Mobile accounted for 25% of Ulta's e-commerce revenue during Q2.
As early mobile merchants redesign, newbies test mobile sites and apps.
Most retailers that have identified mobile commerce as a strategic priority are today focused on building an m-commerce site or maintaining and learning from a site they've built in the past year or two. Some retailers, however, are taking things up a notch: They're not designing m-commerce sites, they're already redesigning sites. And in the process they're adding the latest technologies, like two-dimensional bar code scanning, to their efforts.
The Catholic Company launched its m-commerce site in March 2010. A lot has changed in the mobile realm since then, especially smartphone capabilities and mobile web browser functionality. The religious goods merchant came to appreciate the evolution of mobile technology and what it meant to its m-commerce site and decided it had to upgrade the site to keep pace with the times.
"Last year mobile was doing really well, but this year it has slowed a bit, and we attributed that to a design matter," says Nicholas Cole, director of marketing at The Catholic Company.
When it designed the site in early 2010, all smartphone web browsers only operated in portrait mode, which means the display is longer vertically than horizontally. Unlike with many smartphone apps, the browser would not change the web page on-screen to landscape mode when the user turned her smartphone to a horizontal position. That changed last year, and now most smartphones can browse the web in landscape mode, which significantly alters the size of text and images on the screen.
"In landscape view, the way our site was designed the text became very small and very hard to read, so we felt people were getting a bad experience. That experience was translating into weak sales," Cole explains. "So we updated the style sheets to function better in landscape, as well as with higher-resolution screens that have been entering the market. Now fonts and images in landscape mode appear bigger in a better fashion."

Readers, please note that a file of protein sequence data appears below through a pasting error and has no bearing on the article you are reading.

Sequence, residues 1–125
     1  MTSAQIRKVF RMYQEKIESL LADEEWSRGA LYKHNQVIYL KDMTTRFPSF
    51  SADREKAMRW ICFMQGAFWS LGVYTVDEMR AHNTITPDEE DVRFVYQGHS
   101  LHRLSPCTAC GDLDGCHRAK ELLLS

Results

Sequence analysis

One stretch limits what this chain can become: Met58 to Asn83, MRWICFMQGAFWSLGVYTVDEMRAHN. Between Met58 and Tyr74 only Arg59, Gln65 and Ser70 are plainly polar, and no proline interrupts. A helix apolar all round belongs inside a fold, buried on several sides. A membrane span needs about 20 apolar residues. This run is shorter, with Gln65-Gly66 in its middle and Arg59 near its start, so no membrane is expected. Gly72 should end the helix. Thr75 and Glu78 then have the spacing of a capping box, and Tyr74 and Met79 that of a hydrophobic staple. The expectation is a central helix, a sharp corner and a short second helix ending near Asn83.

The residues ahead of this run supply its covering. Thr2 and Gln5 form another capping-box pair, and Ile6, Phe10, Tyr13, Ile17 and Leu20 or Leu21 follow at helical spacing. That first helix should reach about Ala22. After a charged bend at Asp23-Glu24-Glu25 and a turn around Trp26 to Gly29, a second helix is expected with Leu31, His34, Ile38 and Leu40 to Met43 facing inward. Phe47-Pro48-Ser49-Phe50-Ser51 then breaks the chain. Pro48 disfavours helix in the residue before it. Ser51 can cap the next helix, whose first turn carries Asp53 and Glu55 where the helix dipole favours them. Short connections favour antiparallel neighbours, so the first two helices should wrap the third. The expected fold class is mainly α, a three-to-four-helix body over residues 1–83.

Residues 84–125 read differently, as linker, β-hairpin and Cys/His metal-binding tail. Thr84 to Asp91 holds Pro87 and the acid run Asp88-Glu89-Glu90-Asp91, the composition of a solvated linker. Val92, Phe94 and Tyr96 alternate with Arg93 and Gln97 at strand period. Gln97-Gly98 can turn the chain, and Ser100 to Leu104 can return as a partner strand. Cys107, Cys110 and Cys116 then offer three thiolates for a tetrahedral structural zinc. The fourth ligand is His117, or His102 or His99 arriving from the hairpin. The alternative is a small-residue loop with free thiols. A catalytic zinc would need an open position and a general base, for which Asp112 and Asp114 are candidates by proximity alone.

One of the biggest changes in mobile commerce has been in the market itself: More retailers, catalogers and consumer brand manufacturers are reaping rewards. M-commerce sales hit $2.9 billion in 2010 and are expected to jump to $5.3 billion this year, according to investment bank Barclays Capital. Merchants realize that more consumers are buying smartphones and using them to access the web and engage with mobile apps. More shopping inevitably will follow.
"Mobile commerce is a must-have," says Julie A. Ask, vice president and principal analyst at Forrester Research Inc. "The number of people using their phones to do research and make purchases has grown dramatically in the last year. M-commerce sales are in the billions, and the dollars that mobile will influence will be three times that or more. I don't see how you stay out of that game."
Cole stresses the urgent need for merchants to get into m-commerce. It's growing fast at The Catholic Company—mobile sales are ahead of target for the year to date.
"Last year was the time to get started," he says. "People are waiting for trends to emerge, but things are moving so quickly. Retailers need to get a fully functional m-commerce site up as quickly as they can. Traffic no doubt is coming from mobile devices and these people expect a mobile-optimized site, so you've got to give it to them."
Most retailers begin in m-commerce with a site. An m-commerce site can be accessed on any smartphone and on many feature phones—the predecessors to smartphones. Thus, sites provide the greatest reach. But then there are mobile apps, which can provide much richer experiences than sites and make full use of the innate features and functions of a smartphone. But an app only provides access to a slice of the pie; for example, an iPhone app can only be used by iPhone users, not all smartphone users.
But smartphone users love apps. And when done well, which includes offering some cool and crafty features, apps can keep consumers coming back for more.
"If I'm targeting people over 55, mobile will be less relevant. If I'm targeting age 13 and 14, they will have a lower-end device not capable of downloading apps," Forrester Research's Ask explains. "But for the very lucrative Gen Y and Gen X, and even into the Boomers, an app is a better experience than the web. The apps are the ones that do all the cool things. They scan bar codes, they scan QR codes, they let me bump my phone with my friend's phone and give them money. That's the fun stuff that consumers get excited about."
However, some mobile experts suggest while a mobile app may be good for some retailers, others need not devote the time and resources necessary to create one.
"If you're a big enough brand it can make sense, but it's not like you have to do it," says Neil Strother, practice director at ABI Research. "If you decide to do it, you should also simultaneously have a really good mobile web site experience. If you do one thing you should do an optimized web site. A mobile app is not a simple thing. It's a lot more expensive in people and dollars than you think."
The ubiquity of texts
In addition to sites and apps, retailers should consider another m-commerce tool: text messaging. Text messaging is an inexpensive way to reach consumers with any kind of mobile phone in a way that is immediate and time-sensitive.
"Text messaging is a really good way to say, "I have a new sale this week' or "Come in for this discount.' It's a good way to stimulate your mobile consumers," Strother says. "You have to do the heavy lifting of capturing the mobile phone numbers." That's required in order for a retailer to text customers.